On The Town

This summer at the Open Air Theatre, Leonard Bernstein’s classic On the Town is getting an airing. I haven’t seen the film and I didn’t really know much about this musical, so this pleased me. Originally written in 1944, it was written by Betty Comden and Adolph Green and follows a day in the life of three sailors with twenty-four hours in New York to see the sights, hit the town, and maybe fall in love.

Drama befell the production not long after it started previews. Lead Fred Haig, playing Chip, broke his ankle and was replaced by Jacob Maynard. In fact, the night I saw the production was Maynard’s first performance in the role after a day and a half of rehearsals.

None of this stopped the production being a strong, slick hymn to old-fashioned musicals, with superb choreography from Drew McOnie, who also directs. One moment I particularly liked was a moving scene between two sailors during the ‘Lonely Town’ ballet. Peter McKintosh’s set, made up of crates and boxes to reflect the shipyard, is clever, with parts that roll out and an impressive dinosaur skeleton, and his costumes are glorious, the coloured dresses of the female cast members standing out against the white of the sailors’ outfits. Howard Hudson’s lighting is simply gorgeous, particularly towards the end, as the sun sets in Regent’s Park and the musical moves towards its bittersweet conclusion.

All the principals do justice to the piece, with Danny Mac an appealing Gabey, Samuel Edwards excellent as Ozzie and Jacob Maynard a superb Chip: it certainly wasn’t obvious that this was his first performance. The leading men are matched by their female partners: Siena Kelly, Lizzy Connolly and Miriam-Teak Lee. It’s nice to see some diversity on the London stage, especially in an older musical such as this one. The ensemble as a whole do a great job, and the score is stunning, with memorable tunes including ‘New York’ and an assortment of comedic numbers as well as more serious tunes.

I loved this musical. I’m sometimes reluctant to visit the Open Air Theatre, mainly owing to the unpredictable nature of the British weather, but I was lucky enough to catch this show on a beautiful night. If you can manage to do the same, I thoroughly recommend it.

Terrors of the Night

I went to see a Read Not Dead performance at the Sam Wanamaker Playhouse with a difference – a prose reading of Thomas Nashe’s The Terrors of the Night (1594). Marking the author’s 450th anniversary, the Thomas Nashe Project is a five-year research programme funded by the AHRC, and this performance was related to that project. The text was edited by Dr Kate De Rycker, directed by Jason Morell, and performed by Peter Hamilton Dyer and Caroline Faber. It was accompanied by music performed by Ansuman Biswas.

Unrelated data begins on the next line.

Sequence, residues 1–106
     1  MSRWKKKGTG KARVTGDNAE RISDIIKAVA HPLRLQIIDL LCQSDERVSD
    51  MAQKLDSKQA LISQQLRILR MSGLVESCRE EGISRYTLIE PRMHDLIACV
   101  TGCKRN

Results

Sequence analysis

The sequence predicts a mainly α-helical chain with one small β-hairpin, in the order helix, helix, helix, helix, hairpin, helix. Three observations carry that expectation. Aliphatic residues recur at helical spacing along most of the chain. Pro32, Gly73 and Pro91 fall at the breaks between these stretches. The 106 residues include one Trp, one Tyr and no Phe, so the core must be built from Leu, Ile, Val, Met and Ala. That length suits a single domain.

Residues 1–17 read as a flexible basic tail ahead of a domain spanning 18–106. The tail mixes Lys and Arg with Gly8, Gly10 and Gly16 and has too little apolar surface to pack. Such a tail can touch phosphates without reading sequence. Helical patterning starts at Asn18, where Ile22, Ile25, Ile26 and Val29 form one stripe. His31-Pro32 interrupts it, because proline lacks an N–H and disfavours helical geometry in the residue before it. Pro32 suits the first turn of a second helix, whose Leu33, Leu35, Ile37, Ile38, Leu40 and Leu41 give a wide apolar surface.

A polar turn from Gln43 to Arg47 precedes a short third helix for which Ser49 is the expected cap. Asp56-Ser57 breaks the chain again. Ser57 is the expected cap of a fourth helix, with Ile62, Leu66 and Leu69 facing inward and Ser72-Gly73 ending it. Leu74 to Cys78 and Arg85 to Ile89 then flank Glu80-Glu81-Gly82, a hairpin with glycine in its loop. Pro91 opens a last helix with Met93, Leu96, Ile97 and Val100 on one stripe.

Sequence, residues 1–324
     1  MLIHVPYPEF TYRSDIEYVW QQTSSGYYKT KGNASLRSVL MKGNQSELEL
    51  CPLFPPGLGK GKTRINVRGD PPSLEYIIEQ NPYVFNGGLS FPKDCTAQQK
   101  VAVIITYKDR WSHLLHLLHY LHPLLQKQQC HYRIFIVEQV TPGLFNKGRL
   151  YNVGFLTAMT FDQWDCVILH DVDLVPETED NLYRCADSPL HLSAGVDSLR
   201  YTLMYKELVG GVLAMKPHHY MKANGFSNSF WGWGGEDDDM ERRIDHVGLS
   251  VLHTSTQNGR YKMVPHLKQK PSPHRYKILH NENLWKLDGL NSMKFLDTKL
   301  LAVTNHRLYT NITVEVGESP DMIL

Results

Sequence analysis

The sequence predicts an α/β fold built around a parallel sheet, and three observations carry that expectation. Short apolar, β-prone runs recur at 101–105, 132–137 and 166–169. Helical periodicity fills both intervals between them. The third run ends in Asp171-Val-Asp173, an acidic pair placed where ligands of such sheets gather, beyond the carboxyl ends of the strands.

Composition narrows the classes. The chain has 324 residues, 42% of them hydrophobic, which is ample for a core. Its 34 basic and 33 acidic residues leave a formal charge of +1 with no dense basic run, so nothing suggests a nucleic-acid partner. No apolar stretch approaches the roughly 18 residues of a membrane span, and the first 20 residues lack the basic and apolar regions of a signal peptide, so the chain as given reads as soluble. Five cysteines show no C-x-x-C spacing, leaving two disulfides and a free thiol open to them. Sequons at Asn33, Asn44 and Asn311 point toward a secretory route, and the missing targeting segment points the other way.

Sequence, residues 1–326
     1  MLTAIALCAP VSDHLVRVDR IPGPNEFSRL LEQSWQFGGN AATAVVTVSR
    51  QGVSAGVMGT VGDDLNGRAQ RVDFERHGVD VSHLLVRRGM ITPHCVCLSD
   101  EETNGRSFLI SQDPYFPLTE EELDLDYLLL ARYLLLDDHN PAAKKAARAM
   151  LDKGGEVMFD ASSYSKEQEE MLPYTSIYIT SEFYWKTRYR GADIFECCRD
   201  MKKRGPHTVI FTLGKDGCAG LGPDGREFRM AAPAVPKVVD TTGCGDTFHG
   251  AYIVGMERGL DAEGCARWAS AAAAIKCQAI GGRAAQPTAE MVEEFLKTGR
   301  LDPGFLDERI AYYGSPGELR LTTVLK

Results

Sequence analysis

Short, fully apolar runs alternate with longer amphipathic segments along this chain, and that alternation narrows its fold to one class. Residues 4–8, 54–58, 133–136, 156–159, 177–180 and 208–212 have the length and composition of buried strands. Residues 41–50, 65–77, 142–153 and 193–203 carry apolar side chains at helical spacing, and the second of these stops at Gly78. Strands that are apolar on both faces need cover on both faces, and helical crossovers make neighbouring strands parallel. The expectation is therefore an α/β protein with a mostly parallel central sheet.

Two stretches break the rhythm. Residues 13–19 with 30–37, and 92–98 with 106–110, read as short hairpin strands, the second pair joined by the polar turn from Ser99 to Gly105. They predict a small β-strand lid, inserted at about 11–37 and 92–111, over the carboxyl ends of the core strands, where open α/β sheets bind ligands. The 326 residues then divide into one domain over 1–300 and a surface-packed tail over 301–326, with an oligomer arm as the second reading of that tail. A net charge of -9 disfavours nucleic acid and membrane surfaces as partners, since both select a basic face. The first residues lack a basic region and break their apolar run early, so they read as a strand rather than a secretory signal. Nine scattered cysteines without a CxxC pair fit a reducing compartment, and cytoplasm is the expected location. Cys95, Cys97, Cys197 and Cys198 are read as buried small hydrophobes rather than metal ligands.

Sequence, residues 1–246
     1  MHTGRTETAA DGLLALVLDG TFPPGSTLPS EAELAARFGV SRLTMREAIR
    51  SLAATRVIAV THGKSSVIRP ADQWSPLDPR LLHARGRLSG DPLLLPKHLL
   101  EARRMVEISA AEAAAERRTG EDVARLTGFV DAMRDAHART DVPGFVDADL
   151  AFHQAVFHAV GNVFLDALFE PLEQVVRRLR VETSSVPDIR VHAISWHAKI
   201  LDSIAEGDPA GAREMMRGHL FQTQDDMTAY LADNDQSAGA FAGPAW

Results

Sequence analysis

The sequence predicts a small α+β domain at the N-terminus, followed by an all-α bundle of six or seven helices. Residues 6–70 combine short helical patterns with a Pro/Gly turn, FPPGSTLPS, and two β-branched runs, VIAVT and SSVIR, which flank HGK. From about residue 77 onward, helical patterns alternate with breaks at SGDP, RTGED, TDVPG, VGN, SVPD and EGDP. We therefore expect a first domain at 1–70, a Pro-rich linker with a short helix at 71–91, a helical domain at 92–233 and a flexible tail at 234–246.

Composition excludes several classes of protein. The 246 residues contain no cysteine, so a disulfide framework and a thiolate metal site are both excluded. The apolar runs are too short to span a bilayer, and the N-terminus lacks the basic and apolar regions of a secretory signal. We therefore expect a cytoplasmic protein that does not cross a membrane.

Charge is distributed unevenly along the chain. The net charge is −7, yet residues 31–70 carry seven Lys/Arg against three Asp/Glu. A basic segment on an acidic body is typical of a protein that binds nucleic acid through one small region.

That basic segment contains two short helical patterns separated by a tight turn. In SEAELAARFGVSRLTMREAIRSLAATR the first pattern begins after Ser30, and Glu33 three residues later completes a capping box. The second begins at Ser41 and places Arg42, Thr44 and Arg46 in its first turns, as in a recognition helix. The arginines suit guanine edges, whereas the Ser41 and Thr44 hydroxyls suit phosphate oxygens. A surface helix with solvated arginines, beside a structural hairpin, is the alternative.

The Terrors of the Night is a meditation on the meaning of dreams. Are dreams the work of supernatural forces, or are they influenced by the individual’s fears? It’s a fascinating exploration of the conflict between superstition and scepticism, and it was powerfully performed by the two actors in an atmospheric setting.

The Goat, or Who Is Sylvia?

After not really loving Who’s Afraid of Virginia Woolf?, I wasn’t sure whether to bother with Edward Albee’s other current West End play, The Goat, or Who Is Sylvia?. However, along with a friend I queued up for a bargainous £5 day ticket (it’s so cheap because the stage is so high, but I’m quite tall so this wasn’t so much of a problem for me).

The play was fairly shocking when it was first performed (as recently as 2002), and it’s pretty shocking now, dealing with the taboo subject of bestiality. Successful, happily married architect Martin has fallen in love with a goat. As first his friend, then his wife Stevie and son Billy discover his secret, events move onto a tragic conclusion. The play is reminiscent of Greek tragedy, and has a similar kind of impact.

To handle a play like this you need some pretty good actors, and I thought Damian Lewis and Sophie Okonedo were both excellent in their roles. In particular Lewis brought sympathy to his extremely challenging role, inviting the audience’s sympathy. I was also impressed with newcomer Archie Madekwe as the pair’s son.

I was very impressed by The Goat and I’m glad I made the effort to see it.

Woyzeck

Thanks to the Old Vic’s £10 previews scheme, I get to see many more shows there than I would otherwise. Woyzeck was one of these. Adapted from Georg Büchner’s unfinished 1879 play by Jack Thorne, it starred John Boyega of Star Wars fame, alongside Sarah Greene as his girlfriend Marie and Nancy Carroll as the wife of a senior officer.